This post is part of my Colorado litigation checklist approach to litigation knowledge management and litigation strategy. It addresses taking the deposition of an expert witness.
Checklist: See the general deposition checklist
Thoughts & Best Practices:
Subpoena Expert’s Files
- Unless an agreement can be reached to provide expert’s files, subpoena these in time to review prior to deposition
- Additionally, ask for all correspondence between expert, opposing counsel, and/or opposing party.
Identifying the expert’s opinions at trial:
- Identify the opinions expert intends to provide at trial, and confirm that expert will not testify to any other opinions.
- For individual opinions, identify the specific bases for each and confirm that expert will not testify at trial that there were any other bases.
- Ask “what’s your understanding of your role in this litigation?”
- Identify the basis for each opinion: what materials reviewed, what tests performed, etc.
Undermining the expert’s opinions:
- Where expert used one methodology/test, ask about other possible methods, whether expert considered, why expert chose not to use, whether expert has ever used such methods, etc.
- Did expert make any incorrect assumptions or calculation errors? If so, begin by having expert testify as to the importance of that calculation in overall conclusion. Most likely it is best to not highlight the expert’s error in deposition and save this “reveal” for trial, but consider settlement posture, trial prospects, etc. in evaluating this issue.
- Explore range and degree of uncertainty in expert’s opinions. Often absolute certainty hurts credibility, and any admission of uncertainty creates reason for doubt.
- Use hypothetical examples to test the limits of expert’s opinions—e.g., “would that still be your opinion if ____?”
- Explore whether the expert have sufficient time/access/information to properly form opinions?
- Was any information withheld from the expert? Did the expert ask for any information or access that was not provided? Is there a pattern to this withholding that can skew the expert’s opinion?
- Ask if there was any information that would have been helpful but that expert did not have, or whether there were any tests or methods that may have been useful to pursue but where expert did not have time, materials, or budget for?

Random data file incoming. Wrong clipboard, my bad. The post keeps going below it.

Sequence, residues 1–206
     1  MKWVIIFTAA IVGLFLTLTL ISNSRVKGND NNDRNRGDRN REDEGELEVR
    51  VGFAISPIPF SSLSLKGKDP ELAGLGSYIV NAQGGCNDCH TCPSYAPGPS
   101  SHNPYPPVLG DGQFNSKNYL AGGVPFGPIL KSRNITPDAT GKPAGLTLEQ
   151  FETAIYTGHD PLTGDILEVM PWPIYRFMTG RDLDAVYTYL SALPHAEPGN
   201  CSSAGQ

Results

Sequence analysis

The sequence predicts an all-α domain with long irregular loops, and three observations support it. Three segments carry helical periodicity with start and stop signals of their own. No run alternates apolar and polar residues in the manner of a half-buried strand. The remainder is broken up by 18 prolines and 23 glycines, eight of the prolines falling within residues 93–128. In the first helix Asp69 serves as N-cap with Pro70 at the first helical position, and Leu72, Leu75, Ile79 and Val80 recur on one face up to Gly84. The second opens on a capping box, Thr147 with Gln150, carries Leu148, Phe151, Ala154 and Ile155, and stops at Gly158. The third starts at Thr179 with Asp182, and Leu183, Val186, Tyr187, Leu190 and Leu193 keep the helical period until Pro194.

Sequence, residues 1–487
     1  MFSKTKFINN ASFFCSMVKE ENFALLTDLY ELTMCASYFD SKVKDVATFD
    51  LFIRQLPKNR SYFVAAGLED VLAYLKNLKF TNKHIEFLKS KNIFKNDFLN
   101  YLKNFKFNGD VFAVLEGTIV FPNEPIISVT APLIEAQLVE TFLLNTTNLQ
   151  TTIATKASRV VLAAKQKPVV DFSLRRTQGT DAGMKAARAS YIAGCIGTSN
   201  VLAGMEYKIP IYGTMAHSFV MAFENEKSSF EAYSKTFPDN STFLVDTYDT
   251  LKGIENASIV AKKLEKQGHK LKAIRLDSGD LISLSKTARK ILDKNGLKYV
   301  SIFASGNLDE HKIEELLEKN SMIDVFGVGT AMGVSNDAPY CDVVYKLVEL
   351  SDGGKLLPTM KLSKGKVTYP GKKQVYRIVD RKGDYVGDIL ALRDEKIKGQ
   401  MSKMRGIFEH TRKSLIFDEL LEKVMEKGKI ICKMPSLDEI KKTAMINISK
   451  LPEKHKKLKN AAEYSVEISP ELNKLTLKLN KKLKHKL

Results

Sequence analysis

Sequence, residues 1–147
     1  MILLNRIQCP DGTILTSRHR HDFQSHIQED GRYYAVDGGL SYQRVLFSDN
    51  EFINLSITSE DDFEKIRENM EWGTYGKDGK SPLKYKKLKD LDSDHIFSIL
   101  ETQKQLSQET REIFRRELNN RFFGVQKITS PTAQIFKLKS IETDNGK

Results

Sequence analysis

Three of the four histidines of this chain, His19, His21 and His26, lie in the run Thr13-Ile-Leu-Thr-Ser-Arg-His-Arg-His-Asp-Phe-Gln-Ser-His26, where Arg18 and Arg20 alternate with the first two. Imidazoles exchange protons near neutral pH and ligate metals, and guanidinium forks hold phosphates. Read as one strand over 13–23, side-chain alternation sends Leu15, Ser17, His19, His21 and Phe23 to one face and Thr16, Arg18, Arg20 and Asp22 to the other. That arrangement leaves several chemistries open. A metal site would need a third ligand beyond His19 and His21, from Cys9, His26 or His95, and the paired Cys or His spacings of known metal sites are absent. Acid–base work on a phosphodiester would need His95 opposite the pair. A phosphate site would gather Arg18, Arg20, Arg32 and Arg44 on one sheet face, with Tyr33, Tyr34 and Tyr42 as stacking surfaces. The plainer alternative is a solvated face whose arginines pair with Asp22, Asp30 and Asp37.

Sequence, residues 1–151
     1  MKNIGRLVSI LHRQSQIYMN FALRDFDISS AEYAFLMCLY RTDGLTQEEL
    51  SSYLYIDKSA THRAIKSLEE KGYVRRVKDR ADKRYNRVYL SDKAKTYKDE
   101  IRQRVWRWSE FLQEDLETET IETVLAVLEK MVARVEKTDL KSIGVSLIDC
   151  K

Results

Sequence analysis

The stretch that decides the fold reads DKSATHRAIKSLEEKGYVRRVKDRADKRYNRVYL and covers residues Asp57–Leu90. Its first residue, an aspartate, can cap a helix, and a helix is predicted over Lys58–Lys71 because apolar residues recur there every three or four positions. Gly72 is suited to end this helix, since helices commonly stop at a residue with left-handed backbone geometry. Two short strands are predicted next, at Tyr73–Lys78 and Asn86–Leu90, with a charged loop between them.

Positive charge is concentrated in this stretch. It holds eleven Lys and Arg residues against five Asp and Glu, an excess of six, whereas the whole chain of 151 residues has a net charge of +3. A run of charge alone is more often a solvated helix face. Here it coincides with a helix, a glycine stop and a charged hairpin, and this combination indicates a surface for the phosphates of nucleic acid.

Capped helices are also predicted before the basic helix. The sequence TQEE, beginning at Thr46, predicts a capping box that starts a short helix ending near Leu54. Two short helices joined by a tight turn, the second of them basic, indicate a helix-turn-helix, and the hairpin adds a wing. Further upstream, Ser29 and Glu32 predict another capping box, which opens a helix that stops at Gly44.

- Ask if expert personally read all of the information provided?
- Ask if expert consulted with other experts in the field? Why or why not?
- Ask expert for treatises consulted in forming opinion—other sections of text may provide helpful information.
- Review any treatises or published sources referenced in expert’s report—does it suggest alternatives, methods, or steps not taken or considered by expert?
- Has expert ever been excluded under Daubert/Shreck or had some or all of testimony excluded?
Laying the foundation to move to exclude expert’s opinions:
- Can any part of expert’s opinions be construed as being based on legal opinion formed by non-attorney expert?
- Did expert base any part of opinion on a conclusion that comprises expert opinion but where expert not qualified?
Attacking the expert for bias:
- Examine expert’s C.V. for shortcomings, puffery, false claims, omissions, certifications/licenses that have lapsed, or experience that is only tangential to the contested issue
- Learn about all of the expert’s certifications—Are they the most relevant certifications? Why hasn’t expert earned other certifications?
- Does the expert have any connection to the opposing party, opposing counsel, or opposing party’s industry/profession?
- Attack the accuracy/credibility of expert by looking at business practices: Is it a volume shop? What percentage of income is earned as expert witness?
- Ask about the expert’s tort reform activities, political donations, letters or emails to media or politicians, etc.?
- Does the expert have any track record of opinions at trial being later validated or invalidated by reality (e.g. in cost of remediation cases, etc.)?
- If report or investigation was co-authored, has that been concealed? How much of report was product of someone other than expert?
- Check litigation history (especially things older than the 4 years of required disclosure), look for whether expert’s opinions have been excluded, a pattern of testifying only for one side of an issue (ask % testifying for side), or previous opinions that undermine present opinion.
- Expert’s fees: How much did expert earn as expert witness in last year? Average annual income from expert witness work? Percent of income from expert witness work? Most ever earned as expert witness in single case?
Jeff Vail is a business litigation attorney in Denver, Colorado. Visit www.vail-law.com for more information.
This post is part of my Colorado litigation checklist approach to litigation knowledge management and litigation strategy.